Internet Law

Professor Grimmelmann

New York Law School

Spring 2011


About the Course

Overview

This is a first course in Internet law. You’ll learn the essentials of computer and network technologies, and how those technologies are challenging settled legal understandings. The sources of Internet law are many, from intellectual property to tort to the First Amendment, but by the end of the course, you should be able to sort through the legal complexities in any given case to identify what’s really at stake. Throughout the semester, we’ll tie the doctrines together with four themes:

  1. How regulation changes when it’s carried out by computers, rather than by people.
  2. Whether going online increases or decreases government control.
  3. The new kinds of power possessed by online intermediaries.
  4. The extraordinary level of innovation and creativity the Internet has unleashed.

Your work for the class will consist of daily readings, in-class discussions, discussions on Blackboard, and a take-home exam.

Readings

Almost all of the readings for the class will be taken from a draft of my forthcoming casebook, Internet Law: Cases and Problems. It will be distributed in PDF installments through Blackboard and made available at the copy center.

The questions in the casebook are meant to walk you through the readings. If you’re reading closely enough, you should be able to give at least a tentative answer to all of them. These questions will typically serve as a starting point for class discussion.

The casebook also contains a number of longer “problems.” Most of them are based on actual cases or stories from the news, but with the details tweaked. We’ll discuss the problems in depth in class; I expect you to have thought through them in detail. Although they emphasize the day’s topics, anything in the course—in fact, anything you’ve learned in law school—is fair game.

The bookstore has two books in stock as “recommended” readings for the course. Both are completely optional:

Class Meetings

We meet Mondays and Wednesdays, 6:00–7:15 in room W420.

I’ll post videos of each class, aslong with my slides, to Blackboard after each class.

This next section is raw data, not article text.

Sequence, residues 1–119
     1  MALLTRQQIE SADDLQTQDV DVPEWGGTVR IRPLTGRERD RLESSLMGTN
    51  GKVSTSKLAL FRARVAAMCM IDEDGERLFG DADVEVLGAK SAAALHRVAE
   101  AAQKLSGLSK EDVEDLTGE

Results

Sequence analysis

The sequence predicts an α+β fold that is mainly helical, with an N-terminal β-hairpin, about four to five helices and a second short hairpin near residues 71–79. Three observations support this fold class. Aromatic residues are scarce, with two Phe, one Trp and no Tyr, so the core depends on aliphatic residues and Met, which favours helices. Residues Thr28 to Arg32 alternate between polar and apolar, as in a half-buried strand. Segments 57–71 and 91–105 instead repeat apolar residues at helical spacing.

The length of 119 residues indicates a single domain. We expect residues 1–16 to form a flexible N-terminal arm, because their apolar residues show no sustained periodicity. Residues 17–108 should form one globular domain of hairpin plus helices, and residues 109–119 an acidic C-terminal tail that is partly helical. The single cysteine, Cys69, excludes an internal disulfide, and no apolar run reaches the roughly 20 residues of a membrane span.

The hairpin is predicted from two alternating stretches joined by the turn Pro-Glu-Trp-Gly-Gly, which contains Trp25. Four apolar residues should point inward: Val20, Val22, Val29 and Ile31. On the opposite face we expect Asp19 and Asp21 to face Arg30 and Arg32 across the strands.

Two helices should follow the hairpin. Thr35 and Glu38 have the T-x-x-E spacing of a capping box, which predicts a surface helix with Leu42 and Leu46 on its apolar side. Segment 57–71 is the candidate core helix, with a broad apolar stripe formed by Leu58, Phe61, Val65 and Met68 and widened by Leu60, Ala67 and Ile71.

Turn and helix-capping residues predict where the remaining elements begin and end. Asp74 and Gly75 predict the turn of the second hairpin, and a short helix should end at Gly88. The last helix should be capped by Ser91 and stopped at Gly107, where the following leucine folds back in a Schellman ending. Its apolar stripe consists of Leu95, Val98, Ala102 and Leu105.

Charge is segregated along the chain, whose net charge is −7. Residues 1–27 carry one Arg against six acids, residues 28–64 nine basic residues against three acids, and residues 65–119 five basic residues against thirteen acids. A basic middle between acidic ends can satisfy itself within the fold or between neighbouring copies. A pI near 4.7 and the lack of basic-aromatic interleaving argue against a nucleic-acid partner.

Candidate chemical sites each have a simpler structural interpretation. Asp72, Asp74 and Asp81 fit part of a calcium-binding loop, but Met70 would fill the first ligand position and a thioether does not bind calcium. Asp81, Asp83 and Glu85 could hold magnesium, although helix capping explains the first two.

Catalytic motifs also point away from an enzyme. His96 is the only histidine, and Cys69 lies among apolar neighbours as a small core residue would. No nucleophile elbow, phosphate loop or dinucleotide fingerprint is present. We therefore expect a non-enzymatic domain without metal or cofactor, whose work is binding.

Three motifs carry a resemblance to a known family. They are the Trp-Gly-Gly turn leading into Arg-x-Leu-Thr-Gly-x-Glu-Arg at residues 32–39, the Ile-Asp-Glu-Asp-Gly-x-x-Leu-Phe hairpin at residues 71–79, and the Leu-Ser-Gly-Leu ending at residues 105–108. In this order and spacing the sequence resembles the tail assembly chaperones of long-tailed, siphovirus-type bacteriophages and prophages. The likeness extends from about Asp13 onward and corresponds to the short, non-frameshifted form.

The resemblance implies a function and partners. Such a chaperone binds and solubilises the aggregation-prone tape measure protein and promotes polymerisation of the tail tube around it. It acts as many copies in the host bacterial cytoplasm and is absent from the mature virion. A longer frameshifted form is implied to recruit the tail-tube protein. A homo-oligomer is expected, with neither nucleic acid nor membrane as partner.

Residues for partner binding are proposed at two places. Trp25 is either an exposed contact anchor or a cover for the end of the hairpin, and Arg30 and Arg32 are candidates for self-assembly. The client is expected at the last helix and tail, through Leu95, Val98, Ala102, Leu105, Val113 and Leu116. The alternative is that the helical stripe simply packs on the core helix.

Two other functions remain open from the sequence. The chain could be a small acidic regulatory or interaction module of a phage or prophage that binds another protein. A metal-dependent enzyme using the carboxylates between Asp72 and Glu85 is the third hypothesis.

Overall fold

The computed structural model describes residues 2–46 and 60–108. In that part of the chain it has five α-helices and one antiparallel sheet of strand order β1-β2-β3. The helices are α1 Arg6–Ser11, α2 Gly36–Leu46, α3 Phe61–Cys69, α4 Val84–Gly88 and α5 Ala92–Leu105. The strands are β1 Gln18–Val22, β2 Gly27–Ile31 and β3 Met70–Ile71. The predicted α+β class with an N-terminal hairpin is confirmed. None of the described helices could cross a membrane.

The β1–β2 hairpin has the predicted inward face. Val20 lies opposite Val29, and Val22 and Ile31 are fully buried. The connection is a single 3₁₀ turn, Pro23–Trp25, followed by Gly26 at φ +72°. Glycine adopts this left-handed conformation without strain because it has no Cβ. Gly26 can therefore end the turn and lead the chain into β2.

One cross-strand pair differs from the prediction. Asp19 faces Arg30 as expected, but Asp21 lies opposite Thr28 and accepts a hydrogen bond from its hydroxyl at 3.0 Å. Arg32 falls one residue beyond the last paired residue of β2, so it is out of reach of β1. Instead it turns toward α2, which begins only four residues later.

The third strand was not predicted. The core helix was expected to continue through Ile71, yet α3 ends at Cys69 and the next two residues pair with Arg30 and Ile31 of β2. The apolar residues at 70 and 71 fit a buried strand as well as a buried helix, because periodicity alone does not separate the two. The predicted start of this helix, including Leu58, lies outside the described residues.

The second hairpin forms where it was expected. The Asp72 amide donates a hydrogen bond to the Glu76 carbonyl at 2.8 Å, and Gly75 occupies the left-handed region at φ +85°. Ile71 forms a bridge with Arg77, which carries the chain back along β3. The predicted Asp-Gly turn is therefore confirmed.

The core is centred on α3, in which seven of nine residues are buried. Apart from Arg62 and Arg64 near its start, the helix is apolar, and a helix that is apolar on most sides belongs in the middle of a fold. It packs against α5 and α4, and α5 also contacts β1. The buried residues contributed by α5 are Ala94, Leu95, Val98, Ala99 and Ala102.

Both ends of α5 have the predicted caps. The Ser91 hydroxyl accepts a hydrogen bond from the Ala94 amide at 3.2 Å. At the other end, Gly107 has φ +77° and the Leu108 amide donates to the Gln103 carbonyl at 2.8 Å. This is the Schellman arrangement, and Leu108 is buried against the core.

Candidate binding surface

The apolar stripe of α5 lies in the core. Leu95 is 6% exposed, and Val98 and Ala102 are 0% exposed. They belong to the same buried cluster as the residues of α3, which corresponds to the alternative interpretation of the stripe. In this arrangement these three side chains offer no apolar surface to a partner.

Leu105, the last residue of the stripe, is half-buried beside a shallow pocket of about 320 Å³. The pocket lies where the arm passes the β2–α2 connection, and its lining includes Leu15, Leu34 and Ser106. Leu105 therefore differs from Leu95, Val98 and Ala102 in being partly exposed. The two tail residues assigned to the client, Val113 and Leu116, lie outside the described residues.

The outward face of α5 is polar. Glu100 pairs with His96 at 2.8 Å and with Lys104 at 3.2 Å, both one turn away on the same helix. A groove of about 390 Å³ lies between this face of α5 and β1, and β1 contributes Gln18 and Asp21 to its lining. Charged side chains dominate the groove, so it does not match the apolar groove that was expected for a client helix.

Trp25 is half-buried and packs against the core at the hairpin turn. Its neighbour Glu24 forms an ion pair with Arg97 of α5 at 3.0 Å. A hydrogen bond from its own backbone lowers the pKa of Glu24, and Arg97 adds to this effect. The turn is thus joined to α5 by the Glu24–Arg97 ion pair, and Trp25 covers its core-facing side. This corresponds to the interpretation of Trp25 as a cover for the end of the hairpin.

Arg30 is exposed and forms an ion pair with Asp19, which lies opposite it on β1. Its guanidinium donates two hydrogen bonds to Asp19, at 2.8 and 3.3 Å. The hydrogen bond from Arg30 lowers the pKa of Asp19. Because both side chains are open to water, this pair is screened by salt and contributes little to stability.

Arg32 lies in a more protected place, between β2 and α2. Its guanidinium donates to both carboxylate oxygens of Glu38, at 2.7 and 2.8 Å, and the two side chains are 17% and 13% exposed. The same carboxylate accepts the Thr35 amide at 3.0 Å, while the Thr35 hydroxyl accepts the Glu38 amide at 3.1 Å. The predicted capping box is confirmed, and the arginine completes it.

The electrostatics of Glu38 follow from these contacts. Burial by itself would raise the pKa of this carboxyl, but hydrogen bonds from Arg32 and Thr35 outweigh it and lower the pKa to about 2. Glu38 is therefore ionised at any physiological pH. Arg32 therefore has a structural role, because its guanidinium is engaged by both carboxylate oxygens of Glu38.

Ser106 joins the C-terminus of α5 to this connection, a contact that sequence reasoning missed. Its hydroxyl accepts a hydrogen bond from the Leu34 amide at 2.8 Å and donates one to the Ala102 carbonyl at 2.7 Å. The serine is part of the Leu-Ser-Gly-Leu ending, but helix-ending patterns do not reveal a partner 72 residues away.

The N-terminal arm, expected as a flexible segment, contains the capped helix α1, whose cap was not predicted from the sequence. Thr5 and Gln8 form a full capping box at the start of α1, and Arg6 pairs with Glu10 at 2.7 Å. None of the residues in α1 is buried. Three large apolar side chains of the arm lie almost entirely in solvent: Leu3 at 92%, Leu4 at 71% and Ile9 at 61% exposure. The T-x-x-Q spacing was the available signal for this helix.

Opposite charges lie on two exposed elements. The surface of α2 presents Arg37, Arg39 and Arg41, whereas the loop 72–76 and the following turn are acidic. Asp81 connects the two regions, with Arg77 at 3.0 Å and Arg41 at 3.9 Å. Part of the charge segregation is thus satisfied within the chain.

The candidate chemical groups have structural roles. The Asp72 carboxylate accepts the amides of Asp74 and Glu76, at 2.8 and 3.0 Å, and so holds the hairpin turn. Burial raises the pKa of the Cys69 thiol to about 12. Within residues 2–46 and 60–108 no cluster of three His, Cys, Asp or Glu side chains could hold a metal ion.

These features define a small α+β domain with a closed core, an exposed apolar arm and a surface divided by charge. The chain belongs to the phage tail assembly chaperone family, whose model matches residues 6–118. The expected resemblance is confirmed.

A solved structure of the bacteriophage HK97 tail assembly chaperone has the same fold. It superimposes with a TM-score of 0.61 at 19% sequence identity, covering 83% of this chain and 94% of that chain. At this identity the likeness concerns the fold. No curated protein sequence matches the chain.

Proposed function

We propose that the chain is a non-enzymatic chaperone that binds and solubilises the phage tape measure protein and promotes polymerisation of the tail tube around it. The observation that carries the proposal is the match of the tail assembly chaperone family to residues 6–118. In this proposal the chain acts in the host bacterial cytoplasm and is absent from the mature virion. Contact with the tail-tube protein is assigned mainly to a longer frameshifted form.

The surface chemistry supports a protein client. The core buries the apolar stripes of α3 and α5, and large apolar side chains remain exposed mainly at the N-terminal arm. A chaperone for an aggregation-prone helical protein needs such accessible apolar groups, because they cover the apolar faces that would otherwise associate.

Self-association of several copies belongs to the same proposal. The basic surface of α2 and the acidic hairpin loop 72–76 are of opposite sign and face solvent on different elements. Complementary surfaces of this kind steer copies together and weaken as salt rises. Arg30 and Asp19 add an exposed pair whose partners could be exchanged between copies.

Discussion

There’s a course discussion board on Blackboard. I expect you to post at least three times per week, of which at least one is a response to something one of your classmates has posted. Here are a few good ideas for things to post about:

It’s more important to be thoughtful and respectful than it is to be right. An informal tone is fine, but keep it professional. You shouldn’t post anything that you would be embarrassed to have your employer read.

Exam

There will be a take-home final exam. It will be distributed by Wednesday, May 4 and will be due by 5:00 PM on Thursday, May 12. The exam will be open book and subject to a strict page limit.

Grading

The assignments count as follows:

I may adjust your grade by one third up or down for class participation. I consider good class participation to be anything that helps your classmates learn. Asking me for an adjustment is the best way not to get one.

Contact

Professor Grimmelmann:

Teaching assistant:

This syllabus is at http://james.grimmelmann.net/courses/internet2011S/

Tentative List of Topics

Introduction: Technology, and Theory

Computers

The Internet

Jurisdiction

Cyberspace

Law

Code

Personal Jurisdiction

Speech

Free Speech

Governmental Speech Regulation

Privacy

Fourth Amendment

Statutory Privacy

Anonymity

Consumer Privacy

Hacking

Contracts

CFAA

Note: We are omitting chapter 5.C (trespass to chattels)

Section 230

Section 230

More Section 230

Interlude

NO CLASS MONDAY, MARCH 21
ATTEND THE WIKILEAKS PANEL INSTEAD

Trademarks and Domain Names

Trademarks

Domain Names

The Domain-Name System

Copyright

Exclusive Rights

Copyright Licensing

Fair Use and Secondary Liability

DMCA Section 1201

Section 512 and Hosting

Intermediaries

Common-Law Limits

Antitrust

Network Neutrality

Final Exam